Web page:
A celebration of life service will be held at 10 a.m. Wednesday, April 27, 2016, at Whitsell Funeral Home in Morganfield. The Rev. Jerry Manning will officiate. Visitation will be 4-8 p.m. Tuesday and 9 a.m. until service time Wednesday at the funeral home. Burial will be in the West Kentucky Veterans Cemetery in Hopkinsville, Ky. Memorials can be made to the American Heart Association.

H. Shane Jones (1944-2020)

Shane Jones

DENVER, NC – Born on the side of a West Virginia mountain on a cold November day just before the end of World War II, Shane Jones spent the next 75 years overcoming obstacles. He did this through an overwhelming desire to succeed in all he did – exemplified by a loving family that eventually included four grandchildren, a career that carried him from a Blue Ridge coal mining town to across the globe, and in the hundreds of friends and associates who simply knew him as Shane. 

He carried that can-do spirit, coupled with his generosity, quick wit and knowledge of numbers and people, with him until his final breath on Wednesday, July 1, 2020, at Carolinas Medical Center in Charlotte. 

Born Nov. 17, 1944, in Jenkinjones, amidst the rolling hills and coal fields near Bluefield, W.Va., Shane was the fifth of six children born to Clyde and Verda Jones. He was named Harry S. Jones by his father, a coal miner, in honor of Harry S. Truman, the U.S. senator who became president six months later. When asked what the “S” stood for, Clyde chose “Shane” in honor of the title character from the western novel, one of the few books in their small West Virginia home. It’s fitting that Shane was the name people called him as he and the gunslinger shared similar beliefs in loyalty, hard work, fearlessness and never shirking one’s responsibilities.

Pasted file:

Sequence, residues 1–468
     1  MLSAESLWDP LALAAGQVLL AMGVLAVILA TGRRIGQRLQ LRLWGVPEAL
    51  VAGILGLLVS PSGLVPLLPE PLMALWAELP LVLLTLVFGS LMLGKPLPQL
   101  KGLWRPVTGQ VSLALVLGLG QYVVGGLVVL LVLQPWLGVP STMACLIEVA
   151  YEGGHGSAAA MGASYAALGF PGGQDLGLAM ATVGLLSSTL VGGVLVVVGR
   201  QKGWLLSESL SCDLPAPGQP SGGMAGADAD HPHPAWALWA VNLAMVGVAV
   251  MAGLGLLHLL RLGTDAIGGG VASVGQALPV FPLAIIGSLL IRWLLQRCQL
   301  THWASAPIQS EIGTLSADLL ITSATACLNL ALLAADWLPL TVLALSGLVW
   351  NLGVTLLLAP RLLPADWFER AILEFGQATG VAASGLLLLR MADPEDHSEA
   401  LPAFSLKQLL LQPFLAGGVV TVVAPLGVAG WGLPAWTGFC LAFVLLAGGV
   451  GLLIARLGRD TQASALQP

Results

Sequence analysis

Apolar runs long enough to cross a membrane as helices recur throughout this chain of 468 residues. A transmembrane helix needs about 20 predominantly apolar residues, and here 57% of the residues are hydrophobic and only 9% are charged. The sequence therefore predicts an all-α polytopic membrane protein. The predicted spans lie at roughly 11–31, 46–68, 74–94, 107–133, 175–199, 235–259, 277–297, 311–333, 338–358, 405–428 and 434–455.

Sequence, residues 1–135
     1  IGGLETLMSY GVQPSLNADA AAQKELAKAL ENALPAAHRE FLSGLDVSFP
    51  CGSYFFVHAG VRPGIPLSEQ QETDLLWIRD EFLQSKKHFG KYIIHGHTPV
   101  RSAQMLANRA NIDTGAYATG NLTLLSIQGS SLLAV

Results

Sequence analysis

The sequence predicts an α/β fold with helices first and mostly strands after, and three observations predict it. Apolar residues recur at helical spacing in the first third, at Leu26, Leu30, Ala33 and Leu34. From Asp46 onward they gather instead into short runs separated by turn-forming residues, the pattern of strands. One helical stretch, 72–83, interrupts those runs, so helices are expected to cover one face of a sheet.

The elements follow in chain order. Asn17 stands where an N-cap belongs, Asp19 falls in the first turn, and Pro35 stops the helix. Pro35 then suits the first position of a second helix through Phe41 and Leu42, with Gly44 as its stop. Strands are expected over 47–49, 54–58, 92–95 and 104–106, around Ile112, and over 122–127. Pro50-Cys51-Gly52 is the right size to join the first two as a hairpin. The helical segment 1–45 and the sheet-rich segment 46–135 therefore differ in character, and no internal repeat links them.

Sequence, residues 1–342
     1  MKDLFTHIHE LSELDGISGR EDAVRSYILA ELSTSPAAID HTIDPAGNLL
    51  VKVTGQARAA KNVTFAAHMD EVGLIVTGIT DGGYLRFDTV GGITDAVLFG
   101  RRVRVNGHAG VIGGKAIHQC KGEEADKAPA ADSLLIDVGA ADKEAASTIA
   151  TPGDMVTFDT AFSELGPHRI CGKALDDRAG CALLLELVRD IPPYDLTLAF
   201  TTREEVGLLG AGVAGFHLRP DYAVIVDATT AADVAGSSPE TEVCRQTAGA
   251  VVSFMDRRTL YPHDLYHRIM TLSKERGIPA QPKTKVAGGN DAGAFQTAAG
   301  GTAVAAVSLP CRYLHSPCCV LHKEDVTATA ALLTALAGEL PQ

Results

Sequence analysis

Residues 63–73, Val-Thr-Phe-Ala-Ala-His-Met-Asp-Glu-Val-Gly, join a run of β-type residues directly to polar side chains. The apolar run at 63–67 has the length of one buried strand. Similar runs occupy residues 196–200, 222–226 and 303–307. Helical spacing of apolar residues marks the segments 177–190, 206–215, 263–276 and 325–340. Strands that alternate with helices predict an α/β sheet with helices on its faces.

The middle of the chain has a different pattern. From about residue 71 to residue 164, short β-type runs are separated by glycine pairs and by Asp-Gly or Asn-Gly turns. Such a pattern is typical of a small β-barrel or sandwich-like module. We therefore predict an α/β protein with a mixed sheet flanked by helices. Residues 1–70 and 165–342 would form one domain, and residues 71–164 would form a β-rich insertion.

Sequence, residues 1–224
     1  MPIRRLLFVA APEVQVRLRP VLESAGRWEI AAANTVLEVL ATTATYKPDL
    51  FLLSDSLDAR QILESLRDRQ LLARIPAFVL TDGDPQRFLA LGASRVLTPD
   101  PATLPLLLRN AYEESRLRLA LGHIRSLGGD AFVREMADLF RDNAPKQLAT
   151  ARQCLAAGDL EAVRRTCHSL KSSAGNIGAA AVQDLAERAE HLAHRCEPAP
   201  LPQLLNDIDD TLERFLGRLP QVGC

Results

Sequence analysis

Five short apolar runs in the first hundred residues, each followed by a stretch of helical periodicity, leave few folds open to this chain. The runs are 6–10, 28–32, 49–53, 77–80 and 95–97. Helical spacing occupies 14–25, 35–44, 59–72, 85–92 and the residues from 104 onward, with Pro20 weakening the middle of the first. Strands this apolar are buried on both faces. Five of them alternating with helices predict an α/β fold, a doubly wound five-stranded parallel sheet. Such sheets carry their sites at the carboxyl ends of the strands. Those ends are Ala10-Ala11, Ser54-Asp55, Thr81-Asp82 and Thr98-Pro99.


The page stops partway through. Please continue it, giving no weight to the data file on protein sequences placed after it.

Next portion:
After graduating from Bramwell (W.Va.) High School in 1962, Shane, over the next five years, hitchhiked each way from his West Virginia home to Bowling Green, Ky., where he attended Bowling Green College of Commerce and Western Kentucky University. Balancing a full schedule of classes and working “every job known on campus,” Shane graduated from WKU in 1967 with a bachelor’s degree in accounting and business management.

It was during his time at WKU that Shane met Janice “Jan” White, a co-ed from the corn fields of western Kentucky. The two married on Aug. 4, 1968, and Shane and Jan remained devoted to one another for the next 51 years.

After graduating, Shane started his career in Louisville, Ky., with the accounting firm of Humphrey-Robinson. At the same time, he spent six years serving with the Kentucky Army National Guard.